Date: 5/14/18 7:25 pm
From: George R. Hoelzeman <vogel...>
Subject: Re: Killing Black Vultures
I just want to say thanks to everyone who responded since this was both
informative and extremely interesting.  Much of this I did not know, and
I feel far better informed on the subject.


So - thanks to everyone!


George (n. Conway Co. keeping an eye on the Black Vultures behind the house)


On 5/14/2018 10:19 AM, Joseph C. Neal wrote:
>
> I too have some more I'd like to get off my chest, vis-a-vis this
> thread. If there is anything more that is relevant to Arkansas, and
> factual, probably ok to post that, but in honor our late friend
> list-owner Kimberly G. Smith, I'm going to STOP and hope most of you
> all can, too.
>
> ------------------------------------------------------------------------
> *From:* The Birds of Arkansas Discussion List
> <ARBIRD-L...> on behalf of Gmail <butchchq8...>
> *Sent:* Monday, May 14, 2018 8:09:32 AM
> *To:* <ARBIRD-L...>
> *Subject:* Re: Killing Black Vultures
> It does make one wonder.
>
> Is there a literature citation for the study regarding the efficacy of
> effigies?
>
> Honestly, the whole notion seems like a 13th century solution to a
> 21st century problem. Hopefully in the future, some brilliant
> scientist will come up with a more palatable solution for all concerned.
>
> I have faith in our collective brain power.
>
> Having said that, I will end my continuance of this thread before Joe
> tells me to!
>
> Thanks, Karen, for your insight into this difficult issue once again.
>
> Butch
>
> > On May 14, 2018, at 07:22, Karen And Jim Rowe
> <rollingrfarm...> wrote:
> >
> > An effigy is a taxidermy mount of a dead vulture hung in the roost
> or at the depredation site or damage area. Dead vultures simply hung
> without taxidermy have also been used, often more successfully however
> the expected smell, and fly issues occur and someone has to be the
> person get that type of effigy down as it decomposes.
> >
> > Dead vultures from a local roost or family group are supposedly more
> effective as effigies compared to a vulture from another vulture roost
> from many miles away. Raises the question are effigies of birds from
> their roost more effective because the vultures recognize the individual
> > as one from their “group”?
> >
> >
> >
> >
> > Sent from my iPhone
> >
> >> On May 13, 2018, at 8:48 PM, Gmail <butchchq8...> wrote:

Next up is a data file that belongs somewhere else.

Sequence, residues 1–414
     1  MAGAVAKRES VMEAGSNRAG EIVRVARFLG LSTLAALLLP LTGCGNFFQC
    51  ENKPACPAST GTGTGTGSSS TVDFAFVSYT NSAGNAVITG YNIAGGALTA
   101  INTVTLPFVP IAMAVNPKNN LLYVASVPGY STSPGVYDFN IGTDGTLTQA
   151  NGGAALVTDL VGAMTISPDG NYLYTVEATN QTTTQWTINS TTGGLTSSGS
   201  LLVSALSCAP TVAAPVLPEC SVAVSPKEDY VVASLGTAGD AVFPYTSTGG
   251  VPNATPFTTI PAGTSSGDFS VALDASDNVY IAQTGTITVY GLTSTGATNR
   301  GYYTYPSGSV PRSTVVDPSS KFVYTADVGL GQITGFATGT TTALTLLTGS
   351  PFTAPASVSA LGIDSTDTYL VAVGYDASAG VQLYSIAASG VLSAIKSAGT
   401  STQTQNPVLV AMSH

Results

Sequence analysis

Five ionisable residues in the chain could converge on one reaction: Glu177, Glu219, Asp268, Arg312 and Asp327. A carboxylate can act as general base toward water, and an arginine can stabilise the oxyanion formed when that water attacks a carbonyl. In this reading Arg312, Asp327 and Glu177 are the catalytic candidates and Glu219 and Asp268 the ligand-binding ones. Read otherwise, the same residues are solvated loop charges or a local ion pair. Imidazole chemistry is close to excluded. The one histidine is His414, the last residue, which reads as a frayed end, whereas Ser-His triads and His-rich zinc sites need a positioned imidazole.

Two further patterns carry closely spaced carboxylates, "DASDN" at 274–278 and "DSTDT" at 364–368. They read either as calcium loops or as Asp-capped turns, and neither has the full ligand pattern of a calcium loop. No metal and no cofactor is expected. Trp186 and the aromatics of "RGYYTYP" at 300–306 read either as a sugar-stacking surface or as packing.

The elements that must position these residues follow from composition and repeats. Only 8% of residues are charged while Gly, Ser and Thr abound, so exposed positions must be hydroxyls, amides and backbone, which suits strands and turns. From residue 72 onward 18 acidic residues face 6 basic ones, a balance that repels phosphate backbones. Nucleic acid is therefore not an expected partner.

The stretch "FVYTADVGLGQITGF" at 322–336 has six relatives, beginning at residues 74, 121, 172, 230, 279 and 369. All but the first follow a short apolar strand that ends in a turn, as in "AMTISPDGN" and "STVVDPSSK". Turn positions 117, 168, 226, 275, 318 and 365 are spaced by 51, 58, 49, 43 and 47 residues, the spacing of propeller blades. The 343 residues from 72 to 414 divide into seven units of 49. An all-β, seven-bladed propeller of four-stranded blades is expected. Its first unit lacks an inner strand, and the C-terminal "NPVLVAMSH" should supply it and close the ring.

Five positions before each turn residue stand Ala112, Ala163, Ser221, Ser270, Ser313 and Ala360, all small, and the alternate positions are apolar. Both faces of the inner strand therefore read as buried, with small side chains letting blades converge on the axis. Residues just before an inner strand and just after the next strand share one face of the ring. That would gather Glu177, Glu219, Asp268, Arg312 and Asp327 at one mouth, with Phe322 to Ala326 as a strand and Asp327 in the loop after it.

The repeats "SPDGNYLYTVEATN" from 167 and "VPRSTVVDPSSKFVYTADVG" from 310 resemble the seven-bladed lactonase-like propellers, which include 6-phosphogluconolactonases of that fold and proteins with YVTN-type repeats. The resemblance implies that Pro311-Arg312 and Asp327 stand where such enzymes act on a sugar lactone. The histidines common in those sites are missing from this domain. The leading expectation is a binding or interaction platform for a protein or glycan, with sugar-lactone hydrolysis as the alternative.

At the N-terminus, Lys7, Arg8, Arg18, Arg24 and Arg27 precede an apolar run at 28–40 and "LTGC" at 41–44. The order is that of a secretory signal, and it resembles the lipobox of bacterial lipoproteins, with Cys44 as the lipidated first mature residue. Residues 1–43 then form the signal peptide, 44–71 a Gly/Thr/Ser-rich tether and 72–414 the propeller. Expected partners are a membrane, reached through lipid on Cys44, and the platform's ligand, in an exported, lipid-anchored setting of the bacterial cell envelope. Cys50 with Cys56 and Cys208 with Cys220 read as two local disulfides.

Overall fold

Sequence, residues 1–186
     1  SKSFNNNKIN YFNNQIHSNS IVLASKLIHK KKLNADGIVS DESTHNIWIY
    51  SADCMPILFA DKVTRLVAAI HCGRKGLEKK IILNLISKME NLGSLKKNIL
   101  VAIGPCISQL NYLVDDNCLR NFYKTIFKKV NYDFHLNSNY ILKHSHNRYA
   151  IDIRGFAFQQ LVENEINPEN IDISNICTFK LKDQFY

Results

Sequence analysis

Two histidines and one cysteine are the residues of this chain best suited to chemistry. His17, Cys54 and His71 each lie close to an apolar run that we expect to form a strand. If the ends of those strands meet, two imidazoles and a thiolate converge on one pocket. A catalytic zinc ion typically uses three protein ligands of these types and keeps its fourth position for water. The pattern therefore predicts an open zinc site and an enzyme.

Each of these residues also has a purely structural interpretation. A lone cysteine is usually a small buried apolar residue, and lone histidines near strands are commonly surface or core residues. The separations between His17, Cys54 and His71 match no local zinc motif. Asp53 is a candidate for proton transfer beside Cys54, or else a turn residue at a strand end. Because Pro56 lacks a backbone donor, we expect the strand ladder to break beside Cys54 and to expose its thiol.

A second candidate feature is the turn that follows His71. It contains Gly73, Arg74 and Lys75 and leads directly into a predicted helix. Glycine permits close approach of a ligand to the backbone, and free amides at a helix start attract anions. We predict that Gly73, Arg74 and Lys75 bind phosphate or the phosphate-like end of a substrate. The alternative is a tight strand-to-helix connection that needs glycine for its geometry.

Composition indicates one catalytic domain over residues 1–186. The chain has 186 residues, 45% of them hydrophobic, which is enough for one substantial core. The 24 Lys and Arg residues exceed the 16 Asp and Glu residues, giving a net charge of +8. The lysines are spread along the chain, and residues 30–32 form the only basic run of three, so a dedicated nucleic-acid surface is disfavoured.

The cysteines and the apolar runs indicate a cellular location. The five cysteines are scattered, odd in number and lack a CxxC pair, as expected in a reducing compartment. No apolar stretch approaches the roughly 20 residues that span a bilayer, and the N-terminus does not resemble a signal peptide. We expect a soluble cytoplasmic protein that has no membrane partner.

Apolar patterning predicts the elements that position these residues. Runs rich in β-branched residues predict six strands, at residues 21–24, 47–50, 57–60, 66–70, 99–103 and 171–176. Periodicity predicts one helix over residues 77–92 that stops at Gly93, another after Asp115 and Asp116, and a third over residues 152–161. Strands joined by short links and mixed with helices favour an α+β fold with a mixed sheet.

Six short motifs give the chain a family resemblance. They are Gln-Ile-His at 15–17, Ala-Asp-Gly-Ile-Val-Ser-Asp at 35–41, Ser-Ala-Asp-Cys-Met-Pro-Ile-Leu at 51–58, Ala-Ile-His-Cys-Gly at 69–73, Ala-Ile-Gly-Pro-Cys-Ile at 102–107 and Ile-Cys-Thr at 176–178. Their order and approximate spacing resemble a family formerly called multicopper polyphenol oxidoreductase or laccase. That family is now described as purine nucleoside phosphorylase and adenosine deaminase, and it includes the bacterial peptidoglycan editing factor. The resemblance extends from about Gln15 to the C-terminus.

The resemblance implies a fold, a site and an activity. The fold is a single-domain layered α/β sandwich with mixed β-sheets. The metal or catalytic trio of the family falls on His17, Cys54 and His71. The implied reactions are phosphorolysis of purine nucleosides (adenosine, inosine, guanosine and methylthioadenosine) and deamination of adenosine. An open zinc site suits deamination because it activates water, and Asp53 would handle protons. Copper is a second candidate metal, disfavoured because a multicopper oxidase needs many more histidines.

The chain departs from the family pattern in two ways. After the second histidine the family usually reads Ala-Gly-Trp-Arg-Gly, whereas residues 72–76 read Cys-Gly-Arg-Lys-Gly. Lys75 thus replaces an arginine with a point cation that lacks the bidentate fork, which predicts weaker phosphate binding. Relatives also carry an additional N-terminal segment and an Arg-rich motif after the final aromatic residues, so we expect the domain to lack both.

> >>
> >> In this context, what exactly is an effigy?
> >>
> >>> On May 13, 2018, at 20:36, Jeffrey Short <bashman...>
> wrote:
> >>>
> >>> I would think depredation of vultures, reinforced by effigies, may
> have a
> >>> stronger deterrent effect.
> >>>
> >>> The Eglin vultures (to my knowledge) weren't involved in
> vandalism, which
> >>> could offer a different reinforcement than just hangin' around.
> >>>
> >>> Jeff Short
> >>>
> >>> -----Original Message-----
> >>> From: The Birds of Arkansas Discussion List
> >>> [mailto:<ARBIRD-L...>] On Behalf Of Karen And Jim Rowe
> >>> Sent: Sunday, May 13, 2018 4:43 PM
> >>> To: <ARBIRD-L...>
> >>> Subject: Re: Killing Black Vultures
> >>>
> >>> Effigy use is a technique USDA-APHIS-WS uses in Arkansas at the
> vehicle
> >>> damage sites.  It has mixed results.
> >>>
> >>> A number of years ago, a woman from Heber Springs  sent me a video of
> >>> vultures tearing up, and tearing into, all the seat cushions on
> their party
> >>> barge.  From what I could see, no cushion was left intact.  I
> counted 9
> >>> Turkey Vultures involved in the activity.
> >>>
> >>> Karen
> >>>
> >>> Sent from my iPhone
> >>>
> >>>> On May 13, 2018, at 4:30 PM, Jeffrey Short
> <bashman...> wrote:
> >>>>
> >>>> One of my USAF colleagues ran a marina in So. California and he
> told me
> >>> about vultures tearing up his boat seats. First I had heard of
> that so some
> >>> property damage may occur.  Wonder if the off-gassing of plastic
> tends to
> >>> resemble garbage or dead animals??
> >>>>
> >>>> I would expect that some Black Vultures may be attracted to cattle,
> >>> especially sick or bloody areas.
> >>>>
> >>>> Eglin AFB used vulture effigies to keep them from using communication
> >>> towers as roost sites.
> >>>>
> >>>> Jeff Short
> >>>>
> >>>> -----Original Message-----
> >>>> From: The Birds of Arkansas Discussion List
> >>> [mailto:<ARBIRD-L...>] On Behalf Of George R. Hoelzeman
> >>>> Sent: Sunday, May 13, 2018 12:43 PM
> >>>> To: <ARBIRD-L...>
> >>>> Subject: Killing Black Vultures
> >>>>
> >>>> There's an article in the current (Spring 2018) Arkansas Agriculture
> >>>> magazine about Black Vultures by Keith Sutton.  It rehashes the
> usual
> >>>> stuff about them killing calves but goes on to talk about them
> tearing
> >>>> up vehicles, etc., which I've never heard (not that I hear
> much).  The
> >>>> article provides information on one form of non-lethal prevention
> >>>> (pyrotechnics, which gets about two sentences) then launches into an
> >>>> extended discussion about depredation permits and the need to relax
> >>>> regulations so people can pretty much kill them at leisure.
> >>>>
> >>>> So, questions:  Has anyone else seen this article?  If so, how
> much of
> >>>> it is valid and how much is just "agitating the base". Some of this
> >>>> seems rather over the top (like 50+ vultures mobbing a cow during
> >>>> delivery) and a lot seems more about weakening the Migratory Bird
> Act.
> >>>> The article does reference a statistic from the USDA on damage to
> cattle
> >>>> caused by vultures ($4.65 million/year) so it has the appearance of
> >>>> legitimacy.
> >>>>
> >>>> Before I go arguing the vultures' case (I happen to like Black
> Vultures,
> >>>> but haven't had to deal with them in numbers) I'd like solid and
> >>>> reliable information.
> >>>>
> >>>> Input anyone?
> >>>>
> >>>> Thanks
> >>>>
> >>>> George (n. Conway Co. with nesting vultures, but no roost and no
> cattle)
> >


 
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